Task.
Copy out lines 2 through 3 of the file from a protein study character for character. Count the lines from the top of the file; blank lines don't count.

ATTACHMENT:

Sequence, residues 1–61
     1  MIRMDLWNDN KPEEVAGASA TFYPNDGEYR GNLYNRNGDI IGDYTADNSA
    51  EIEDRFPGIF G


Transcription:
     1  MIRMDLWNDN KPEEVAGASA TFYPNDGEYR GNLYNRNGDI IGDYTADNSA
    51  EIEDRFPGIF G